Angularly Circulating the Polygons / Olof Nimar

Issue 14

Angularly Circulating the Polygons

Olof Nimar


The material drifts more viscous as the temperature lowers. Soon it will stop moving completely. Frozen. Fixed right there and then in the movement that never occurred. The substance cramped, feels numb. Paralyzed by a sudden attack from nowhere. Immovable, without obstacle in sight, it might have experienced anger or desperation. Because something seems to be going on. The material starts to shiver as if being confronted by a cold winter night. A sound, which could at first be mistaken for a child shattering its teeth, is registered. But as the volume increases, the human behavior diminishes. No longer can the sound be related with an innocent defense mechanism. It seems alienated. And just as it was possible to touch the unknown sound wave, it was quickly blown away. Instead new sounds were noticeable. All of them were built up by the same structure. The intense noise was spread out in all latitudes. Surprisingly, though it is stable, the mass seemed to grow. In perfect syncronization the dominant sound and the motionless material expanded.

At the same moment as the material transformed from liquid to a solid state, the mass burst.
The two anti poles eliminated one another so a crack was disengaged. With a determined method, the cracks didn't only run in one or two ways, but in every possible direction. The cracks hurried through the material and in a speed of an explosion where solitary paths were executed. Insistently these cracks were mixed together. Each possible area got sliced and disconnected in a organized pattern. What now had been made can be described as ambitious city planning. Unlikely it seems, as the sky scrapers roofs were in the same height as the ground surface. Have they been built downwards instead of upwards? While walking among the buildings a feeling of being in a plain neighborhood is present. One of these places where every house looks exactly like the other, and you are guaranteed to get lost. The facades plunge tightly. From above they are perceived as a permanent coulis. This strange ghost town, built with a geometric puzzle, embraces both land and sea as a carrying bowl.
A skillful craftsmanship with a interest in mathematics.

Million of years later. A Greek mathematician, today known as “The Father of Geometry”, finally gave the answer of how a five cornered shape can be drawn. If you faithfully follow the answer detailed in the manual, consisting of nine steps, anyone can make the same figure with a ruler and a compass. The result shows that point A, E, G, H, F creates, what the Greek has himself chosen to name, a pentagon. Just as accurately made polygons can be seen in the shattered material. The design of the shapes and its perfectionism makes us believe they are mechanically produced. But no mechanics, human, or even a tool was involved in the process. For a lot of people this site is a miracle, and for others a big question mark. Regardless the approach, these are tens of thousands of polygon mysteries. Our ignorance allowed us to create myths that we told for such a long time that they became the truth. When the lies were later exposed we started to laugh at them. “How could we have been so stupid?” But when no new explanations were introduced, the laughter changed, and you could sense a nervousness. The delight mixed with terror caused useless speculations. Drowned polygons mirrored restrained visitors. Earlier theories got more difficult to ignore.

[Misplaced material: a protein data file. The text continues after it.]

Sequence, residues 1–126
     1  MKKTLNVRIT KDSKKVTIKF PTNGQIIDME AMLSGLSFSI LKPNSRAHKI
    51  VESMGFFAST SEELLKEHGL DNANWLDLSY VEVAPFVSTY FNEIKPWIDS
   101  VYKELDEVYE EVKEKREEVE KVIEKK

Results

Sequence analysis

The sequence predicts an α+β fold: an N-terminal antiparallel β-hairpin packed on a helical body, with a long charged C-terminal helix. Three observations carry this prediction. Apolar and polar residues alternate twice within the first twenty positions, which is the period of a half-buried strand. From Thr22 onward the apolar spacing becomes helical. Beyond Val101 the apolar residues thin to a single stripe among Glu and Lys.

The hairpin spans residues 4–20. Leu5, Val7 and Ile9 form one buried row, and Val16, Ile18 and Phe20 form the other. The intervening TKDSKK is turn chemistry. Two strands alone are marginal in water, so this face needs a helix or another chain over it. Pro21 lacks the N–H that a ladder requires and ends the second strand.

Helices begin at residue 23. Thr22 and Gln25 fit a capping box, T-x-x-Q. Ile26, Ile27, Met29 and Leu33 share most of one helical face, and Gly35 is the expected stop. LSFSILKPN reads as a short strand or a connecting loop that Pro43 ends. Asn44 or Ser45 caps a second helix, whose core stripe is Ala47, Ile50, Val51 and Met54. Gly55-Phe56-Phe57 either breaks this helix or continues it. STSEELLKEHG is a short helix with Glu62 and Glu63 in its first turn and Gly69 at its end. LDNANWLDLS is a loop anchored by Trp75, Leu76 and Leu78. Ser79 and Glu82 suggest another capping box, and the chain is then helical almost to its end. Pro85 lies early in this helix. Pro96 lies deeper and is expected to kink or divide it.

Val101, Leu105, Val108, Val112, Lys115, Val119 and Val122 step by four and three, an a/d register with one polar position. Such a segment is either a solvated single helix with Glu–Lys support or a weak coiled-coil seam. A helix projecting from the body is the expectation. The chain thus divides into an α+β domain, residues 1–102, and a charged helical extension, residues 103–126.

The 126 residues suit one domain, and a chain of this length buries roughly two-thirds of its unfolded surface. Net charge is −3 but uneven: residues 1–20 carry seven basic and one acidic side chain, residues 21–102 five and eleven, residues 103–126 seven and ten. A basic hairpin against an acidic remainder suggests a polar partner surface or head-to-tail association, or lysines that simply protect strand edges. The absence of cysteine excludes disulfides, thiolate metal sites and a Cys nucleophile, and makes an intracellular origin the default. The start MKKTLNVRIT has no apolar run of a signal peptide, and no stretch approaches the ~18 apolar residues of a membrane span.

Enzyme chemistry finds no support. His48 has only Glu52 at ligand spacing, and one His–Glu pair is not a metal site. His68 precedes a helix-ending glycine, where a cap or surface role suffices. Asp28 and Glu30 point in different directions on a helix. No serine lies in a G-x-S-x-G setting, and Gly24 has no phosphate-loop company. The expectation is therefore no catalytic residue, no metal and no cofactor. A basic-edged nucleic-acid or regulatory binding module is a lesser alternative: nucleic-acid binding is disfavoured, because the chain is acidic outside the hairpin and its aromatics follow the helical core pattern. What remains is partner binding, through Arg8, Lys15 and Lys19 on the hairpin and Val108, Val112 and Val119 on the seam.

Patiently the waves have polished the stones. Now, with a pattern of definitive forms, misconceptions seem to be expelled. However, the repeated forms never went contradictively. The coherent expression led to unexpected consequences. Our thoughts act just as randomly, still systematically, as the cracks behaved. Associations chase off from each corner of the polygons. Some of them desperately jumps to the closest edge, where other aim too high or just too far away, and finally disappear. Experience tells us that, finding truths somewhere in between has never succeeded. The desperately, cowardly ones. The ones who barely didn't want to leave at all have continued moving from edge to edge, exploring corner after corner. Angularly circulating the polygons, just like the blind man's cane. Maybe those who have been released from the capacity of seeing will be our guides. They won't be misled by its visual appearance. A perilous pentagon. A heavy hexagon. A obscure octagon.

Photographs were made using a usb

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